Liberals/atheists/agnostics/skeptics like the late Robert Funk (co founder of the Jesus Seminar and very angry man. (who got so angry at Dr. White he hung up on him in the late 80s (I think) during a radio interview); Robert Price, Bart Ehrman, John Dominic Crossan, etc. (Jesus Seminar types) - the guys that Muslims love to quote. (smile)

Ken said...

He meant one could not get the gospel in a vaccum, all alone in the dessert; "me and my bible in the woods" kind of idea.

The church preached the gospel to him, he went to Ambrose, that is the way it is supposed to be.

I should add that the church is to send out evangelists and missionaries, who represent their church and seek to make disciples and raise up elders for the new group of believers. Acts 14:21-23

Augustine, after the famous line "our hearts are restless until they find their rest in You"; his Confessions, talks about Romans 10:13-15 - how shall they hear without a preacher?

So, when Augustine says he knows the gospel because of the church, he is not talking about some Roman Catholic thing against Protestant doctrines, he is talking about the Biblical truth that church is important and evangelism and discipleship seeks to incorporate new believers into the church and plant new churches in new unreached cultures.

Ken said...

http://www.kchanson.com/papyri.html#NTP

GV19 - here is another site I found on Greek manuscripts and Papyri.
I wish we had had this when I was in seminary. Fascinating!

Ken said...

http://www.skypoint.com/members/waltzmn/ManuscriptsPapyri.html

here is a site that gives you lots of information on some of the Papyri. P45 is the one that that Video mentions. ( I think Conybeare mentions it.)

The point is, when there are so many new fragments from 120 AD (P52, John Rylands fragment of John 18), 150, 200, 250, etc. found all the time in the desert (and other places) over and over, and they agree with the Codices (whole books - Codex Siniaticus, Codex Vaticanus, Codex Alexandrinus; Codes Ephraemi Rescriptus, Codex Bezae, etc.) [codex means book form rather than scrolls; many people believe the Christians invented the codex, which became basis for modern book forms today (with binding). that we have from Fourth Century (300s AD) and beyond, there is no reason to doubt the parts that have yet to have been found in the desert, when so many different streams in different areas agree - Europe, Egypt, Byzantine/Constantinople/Asia Minor

Remember, for the first 312 years the Christians were persecuted, fed to lions, and their scriptures were burned many times. They were called "traditors" (those that hand over the Scriptures to the Roman authorities).

P45

Location/Catalog Number

Dublin, Chester Beatty Library, P. Chester Beatty I; Vienna, Austrian National Library, Pap. Vindob. G. 31974 (one leaf, containing Matt. 25:41-26:39)

Contents

P45 is surely in the worst condition of any of the substantial Biblical papyri. Even the surviving leaves (a small fraction of the original contents, estimated at 30 of 220 original leaves) are damaged; the most substantial pages are perhaps 80-90% complete, but many others are just small fragments. There are relatively few complete lines; many of the surviving leaves represent only about 20% of the width of the original manuscript. Therefore any list of verses included in the manuscript will make it seem more substantial than it really is; very many of these verses survive only in part (often very small part).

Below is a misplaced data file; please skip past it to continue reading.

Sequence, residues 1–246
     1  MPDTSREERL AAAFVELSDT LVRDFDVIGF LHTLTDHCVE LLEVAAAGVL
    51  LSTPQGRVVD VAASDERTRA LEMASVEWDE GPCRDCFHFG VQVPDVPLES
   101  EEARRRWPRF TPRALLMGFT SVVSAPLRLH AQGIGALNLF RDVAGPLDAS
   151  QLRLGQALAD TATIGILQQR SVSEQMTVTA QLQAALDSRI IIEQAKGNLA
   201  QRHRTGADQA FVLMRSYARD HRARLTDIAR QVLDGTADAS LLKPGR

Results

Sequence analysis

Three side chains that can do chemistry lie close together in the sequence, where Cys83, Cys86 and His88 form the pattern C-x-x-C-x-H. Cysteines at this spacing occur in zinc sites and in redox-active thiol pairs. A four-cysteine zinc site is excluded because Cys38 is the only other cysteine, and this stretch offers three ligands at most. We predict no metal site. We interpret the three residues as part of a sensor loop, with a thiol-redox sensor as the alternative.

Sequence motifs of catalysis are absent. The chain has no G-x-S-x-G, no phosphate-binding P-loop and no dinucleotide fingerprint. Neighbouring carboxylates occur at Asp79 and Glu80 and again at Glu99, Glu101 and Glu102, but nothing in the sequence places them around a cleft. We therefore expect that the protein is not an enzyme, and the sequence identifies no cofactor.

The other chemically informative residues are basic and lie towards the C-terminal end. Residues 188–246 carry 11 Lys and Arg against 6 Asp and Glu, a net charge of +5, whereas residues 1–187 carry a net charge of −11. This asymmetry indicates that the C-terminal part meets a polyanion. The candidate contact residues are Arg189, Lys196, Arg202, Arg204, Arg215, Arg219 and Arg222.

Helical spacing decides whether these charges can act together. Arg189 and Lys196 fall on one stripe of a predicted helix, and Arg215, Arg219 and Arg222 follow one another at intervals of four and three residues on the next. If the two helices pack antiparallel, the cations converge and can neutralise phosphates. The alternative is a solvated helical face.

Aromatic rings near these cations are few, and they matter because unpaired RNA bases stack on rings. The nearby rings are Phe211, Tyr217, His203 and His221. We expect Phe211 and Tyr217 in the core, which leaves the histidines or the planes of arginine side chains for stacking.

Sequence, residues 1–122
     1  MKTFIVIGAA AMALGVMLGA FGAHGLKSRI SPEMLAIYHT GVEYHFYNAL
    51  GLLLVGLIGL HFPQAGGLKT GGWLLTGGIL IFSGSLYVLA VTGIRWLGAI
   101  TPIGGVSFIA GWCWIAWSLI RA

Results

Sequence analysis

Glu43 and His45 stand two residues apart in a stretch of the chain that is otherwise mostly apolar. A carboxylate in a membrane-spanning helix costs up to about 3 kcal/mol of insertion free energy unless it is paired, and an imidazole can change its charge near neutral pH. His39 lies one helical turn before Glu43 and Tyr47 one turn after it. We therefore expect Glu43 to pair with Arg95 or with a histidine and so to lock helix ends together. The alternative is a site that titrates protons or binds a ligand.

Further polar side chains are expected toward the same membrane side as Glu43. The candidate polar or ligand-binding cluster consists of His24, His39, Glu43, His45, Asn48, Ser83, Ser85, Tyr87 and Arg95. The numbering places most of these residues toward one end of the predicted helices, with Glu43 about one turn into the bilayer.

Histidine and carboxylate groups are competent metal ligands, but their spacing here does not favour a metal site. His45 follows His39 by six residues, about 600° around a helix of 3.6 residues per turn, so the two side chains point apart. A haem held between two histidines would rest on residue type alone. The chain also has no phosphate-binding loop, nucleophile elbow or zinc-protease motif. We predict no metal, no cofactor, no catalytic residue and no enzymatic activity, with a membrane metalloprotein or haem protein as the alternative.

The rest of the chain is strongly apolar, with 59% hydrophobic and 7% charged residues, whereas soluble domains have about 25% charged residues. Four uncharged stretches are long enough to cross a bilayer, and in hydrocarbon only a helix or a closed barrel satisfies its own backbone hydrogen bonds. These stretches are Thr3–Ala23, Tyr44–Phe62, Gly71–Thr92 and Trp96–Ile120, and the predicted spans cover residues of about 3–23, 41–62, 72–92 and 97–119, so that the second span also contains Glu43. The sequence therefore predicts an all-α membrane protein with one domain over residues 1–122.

With that said, the verses represented at least partly in P45 are: Matt. 20:24-32, 21:13-19, 25:41-26:39 [this is what the Prophesy channel was focusing on at one point, one manuscript!]; Mark 4:36-40, 5:15-26, 5:38-6:3, 6:16-25, 36-50, 7:3-15, 7:25-8:1, 8:10-26, 8:34-9:8, 9:18-31, 11:27-12:1, 12:5-8, 13-19, 24-28; Luke 6:31-41, 6:45-7:7, 9:26-41, 9:45-10:1, 10:6-22, 10:26-11:1, 11:6-25, 28-46, 11:50-12:12, 12:18-37, 12:42-13:1, 13:6-24, 13:29-14:10, 14:17-33; John 4:51, 54, 5:21, 24, 10:7-25, 10:31-11:10, 11:18-36, 43-57; Acts 4:27-36, 5:10-20, 30-39, 6:7-7:2, 7:10-21, 32-41, 7:52-8:1, 8:14-25, 8:34-9:6, 9:16-27, 9:35-10:2, 10:10-23, 31-41, 11:2-14, 11:24-12:5, 12:13-22, 13:6-16, 25-36, 13:46-14:3, 14:15-23, 15:2-7, 19-26, 15:38-16:4, 16:15-21, 16:32-40, 17:9-17.

David Waltz said...

Hi Ken,

Finally back from a trip into the "big" city (Astoria - pop. 11,000 [grin]). You posted:
>>Donkey said to Shrek, "You cut me deep, Shrek!">>

Me: The JW writers of the WT when quoting the CFs to support a position they are attempting to defend ignore any contrary evidence from the Fathers they quote. I find many Reformed folk exercising the same method concerning sola scriptura and and subordinationism in the CFs. You are able to make the claim that the early CFs taught SS only by ignoring aspects of their writings that no post-Reformation adherent of SS would embrace. Two examples: first, the early CFs believed that the regula fidei was infallible; and second, they believed that the Scriptures could only be properly understood by those who embraced the regula fidei (or as Athanasius put it, via the σκπός εκκλησιαστικός).That is why patristic scholars like Hanson, Kelly, Lane, Pelikan, Schaff, Williams et al. state that the early CFs did not adhere to SS (in the post-Reformation sense).